Another thing that shocked me was the way in which former bassist Jason Newstead was treated by the band. He joined the group after original bassist Cliff Burton was tragically killed in a bus accident on an icy road and they did a good deal of hazing Newstead at the beginning. This was no surprise for a band that did quite a bit of partying. What was surprising was how Newstead feels that he was ultimately never really embraced by the band. When Newstead is interviewed, he makes it clear that he was never as accepted as he would have liked to have been. He also calls out the band for their lack of creative spark over the past few years and thinks it’s a complete joke that they needed to call in a shrink to help them get along in the studio. He mentions the controlling nature of Hetfield, who didn’t want Newstead to have any side projects. Newstead makes it clear that he is happy with his decision to quit Metallica to pursue his side project Echobrain.
Later in the documentary, while Hetfield is knee-deep in rehab for addiction to alcohol and other unnamed substances, Ulrich and Hammett head down to see Newstead’s band perform. They spend a little time razzing Newstead as they go to the gig, but along with the amount of negativity, there is a certain level of support there for Newstead. They want him to do well, but at the same time, they don’t want him to succeed. After the gig, Ulrich and Hammett hang out and go back stage to congratulate Newstead on a successful show. However, Newstead is nowhere to be found. Ulrich pouts to the camera that Newstead's band just had a great gig and Metallica is stalled out creatively in the studio and might fall apart completely.
The saddest aspect of watching Some Kind of Monster is seeing how the band has completely run out of steam when it comes to writing music. I lost interest in them when they came out with their ultra-successful, Bob Rock-produced “black” album. There were a few songs on that record I liked, but that disc propelled them from underground stars to worldwide stars. The albums moved further away from the progressive heavy metal that was technical yet aggressive and epic in nature to simpler, more blued-based straightforward rock music. With St. Anger, they made a ridiculous step to try to go back to their speed-metal roots, but the problem is they have been so far removed from this world that the results are laughable. Ulrich’s dad even commented on the crappiness of the music when he went into the studio to hear the record in progress. Ouch.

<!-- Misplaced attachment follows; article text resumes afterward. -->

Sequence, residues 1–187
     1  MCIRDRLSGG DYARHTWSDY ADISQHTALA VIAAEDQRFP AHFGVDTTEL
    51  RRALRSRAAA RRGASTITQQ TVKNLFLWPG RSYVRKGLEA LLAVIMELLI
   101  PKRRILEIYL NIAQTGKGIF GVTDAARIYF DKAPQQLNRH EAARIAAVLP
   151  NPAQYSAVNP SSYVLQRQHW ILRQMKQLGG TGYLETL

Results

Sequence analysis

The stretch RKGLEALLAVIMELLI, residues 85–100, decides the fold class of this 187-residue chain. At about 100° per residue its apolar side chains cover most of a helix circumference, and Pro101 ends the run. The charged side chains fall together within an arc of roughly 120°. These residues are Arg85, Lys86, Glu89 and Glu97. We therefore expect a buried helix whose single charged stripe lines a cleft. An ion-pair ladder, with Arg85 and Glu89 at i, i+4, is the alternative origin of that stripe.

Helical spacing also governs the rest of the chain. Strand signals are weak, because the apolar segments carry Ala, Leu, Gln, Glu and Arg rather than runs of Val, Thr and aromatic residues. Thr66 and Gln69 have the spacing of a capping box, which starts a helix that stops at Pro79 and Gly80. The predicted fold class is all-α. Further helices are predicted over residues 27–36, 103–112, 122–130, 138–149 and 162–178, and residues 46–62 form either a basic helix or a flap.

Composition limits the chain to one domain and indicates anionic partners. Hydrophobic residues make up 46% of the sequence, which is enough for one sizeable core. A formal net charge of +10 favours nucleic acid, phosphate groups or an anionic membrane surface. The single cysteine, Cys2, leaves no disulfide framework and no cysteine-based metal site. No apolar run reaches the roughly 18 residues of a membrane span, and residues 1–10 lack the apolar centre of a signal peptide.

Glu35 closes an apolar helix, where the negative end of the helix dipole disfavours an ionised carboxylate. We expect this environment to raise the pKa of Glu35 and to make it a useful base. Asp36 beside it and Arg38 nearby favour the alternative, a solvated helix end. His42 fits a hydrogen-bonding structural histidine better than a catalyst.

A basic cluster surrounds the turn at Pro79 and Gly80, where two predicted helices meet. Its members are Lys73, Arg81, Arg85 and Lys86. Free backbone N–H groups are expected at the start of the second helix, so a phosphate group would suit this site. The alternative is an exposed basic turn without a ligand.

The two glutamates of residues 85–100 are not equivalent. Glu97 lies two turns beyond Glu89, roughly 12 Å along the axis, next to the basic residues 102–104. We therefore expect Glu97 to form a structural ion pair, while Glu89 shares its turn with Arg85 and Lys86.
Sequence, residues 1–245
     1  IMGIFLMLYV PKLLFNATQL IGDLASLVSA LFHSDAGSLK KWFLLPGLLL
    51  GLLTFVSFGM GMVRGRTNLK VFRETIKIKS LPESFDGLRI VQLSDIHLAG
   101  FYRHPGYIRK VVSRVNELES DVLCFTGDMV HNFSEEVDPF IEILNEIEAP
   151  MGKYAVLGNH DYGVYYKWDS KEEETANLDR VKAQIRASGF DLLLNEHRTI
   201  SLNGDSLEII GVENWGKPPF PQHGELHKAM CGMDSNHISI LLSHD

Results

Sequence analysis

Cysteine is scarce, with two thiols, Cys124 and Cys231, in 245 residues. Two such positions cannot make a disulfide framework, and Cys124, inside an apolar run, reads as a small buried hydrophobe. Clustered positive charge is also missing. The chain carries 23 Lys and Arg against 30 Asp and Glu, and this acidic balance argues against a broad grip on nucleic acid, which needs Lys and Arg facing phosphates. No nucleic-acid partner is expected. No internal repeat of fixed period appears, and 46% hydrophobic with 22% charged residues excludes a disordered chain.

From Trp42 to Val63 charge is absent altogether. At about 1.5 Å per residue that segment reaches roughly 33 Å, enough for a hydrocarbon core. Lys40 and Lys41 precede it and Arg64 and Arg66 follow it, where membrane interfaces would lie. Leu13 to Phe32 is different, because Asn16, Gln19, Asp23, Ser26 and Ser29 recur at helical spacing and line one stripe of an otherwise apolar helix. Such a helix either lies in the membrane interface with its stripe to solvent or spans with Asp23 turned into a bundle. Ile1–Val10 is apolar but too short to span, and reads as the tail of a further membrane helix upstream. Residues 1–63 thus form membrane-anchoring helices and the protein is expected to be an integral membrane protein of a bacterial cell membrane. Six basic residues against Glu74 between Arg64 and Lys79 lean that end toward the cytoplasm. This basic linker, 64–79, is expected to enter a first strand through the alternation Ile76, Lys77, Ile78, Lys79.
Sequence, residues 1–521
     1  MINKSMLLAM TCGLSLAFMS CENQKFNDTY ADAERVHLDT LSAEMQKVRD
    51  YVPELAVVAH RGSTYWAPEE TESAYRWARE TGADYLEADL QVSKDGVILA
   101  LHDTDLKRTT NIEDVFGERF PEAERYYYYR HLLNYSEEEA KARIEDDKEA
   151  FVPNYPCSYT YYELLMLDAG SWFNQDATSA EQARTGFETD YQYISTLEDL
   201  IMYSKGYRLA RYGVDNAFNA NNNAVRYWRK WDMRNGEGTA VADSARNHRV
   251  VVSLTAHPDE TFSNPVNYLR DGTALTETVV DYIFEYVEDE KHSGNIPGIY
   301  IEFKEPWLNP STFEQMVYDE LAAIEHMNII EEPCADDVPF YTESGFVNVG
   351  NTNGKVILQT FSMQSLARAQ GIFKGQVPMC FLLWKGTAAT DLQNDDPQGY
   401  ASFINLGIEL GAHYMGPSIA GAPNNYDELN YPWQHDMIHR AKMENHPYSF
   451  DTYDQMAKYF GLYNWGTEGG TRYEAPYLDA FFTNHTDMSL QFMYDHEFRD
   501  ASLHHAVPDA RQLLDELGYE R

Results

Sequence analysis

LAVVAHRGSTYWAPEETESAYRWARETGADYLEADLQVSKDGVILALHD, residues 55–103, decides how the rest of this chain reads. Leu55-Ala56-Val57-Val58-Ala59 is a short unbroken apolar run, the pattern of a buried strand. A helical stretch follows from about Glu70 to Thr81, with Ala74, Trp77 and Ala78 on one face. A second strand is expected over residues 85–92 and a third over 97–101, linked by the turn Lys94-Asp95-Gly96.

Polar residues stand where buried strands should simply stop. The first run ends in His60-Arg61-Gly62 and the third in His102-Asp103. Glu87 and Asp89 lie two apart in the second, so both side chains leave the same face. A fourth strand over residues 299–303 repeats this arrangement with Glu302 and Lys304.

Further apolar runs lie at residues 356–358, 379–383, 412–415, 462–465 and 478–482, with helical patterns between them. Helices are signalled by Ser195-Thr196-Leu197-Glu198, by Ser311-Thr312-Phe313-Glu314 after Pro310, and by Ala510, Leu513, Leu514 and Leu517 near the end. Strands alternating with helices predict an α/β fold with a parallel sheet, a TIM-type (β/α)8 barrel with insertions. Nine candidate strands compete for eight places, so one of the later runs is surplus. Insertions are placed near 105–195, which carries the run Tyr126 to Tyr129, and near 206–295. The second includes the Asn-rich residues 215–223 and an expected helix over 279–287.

To see the band struggle with lyrics to the point where they have to resort to having everyone jot ideas down on sheets of paper, piecing the words together into ways that seem forced and completely without inspiration, is tragic. A metal band needing inspirational slogans pasted on the walls is really kind of pathetic. This is like watching Spinal Tap at the end of their career. However, this is a real band.
In the bonus features of the disc, there are so many outtakes, inevitable in the documentary format, that there is practically an entire second movie. A longer session with Mustaine is shown and, in the commentary tracks, we learn why certain scenes were edited down and others were not used at all. All told, there are over 10 hours of footage here, including the two-hours-plus documentary.
One has to wonder how much of Some Kind of Monster is the band being real and how much of it is playing to the camera. There is a lot of fighting, a lot of pouting (mostly by Ulrich) and plenty of yelling. Fans of the band will enjoy the voyeuristic look as much as former fans like myself, who have wondered what the band has been up to. I thought St. Anger was far and away the worst hard rock album of 2003 and seeing how it was pieced together in such a weird, haphazard way in the studio explains it all. For fans of the band who actually liked that album, this movie could be considered a triumph. Either way, it’s a compelling piece of filmmaking that you need to see if you care one way or another about Metallica.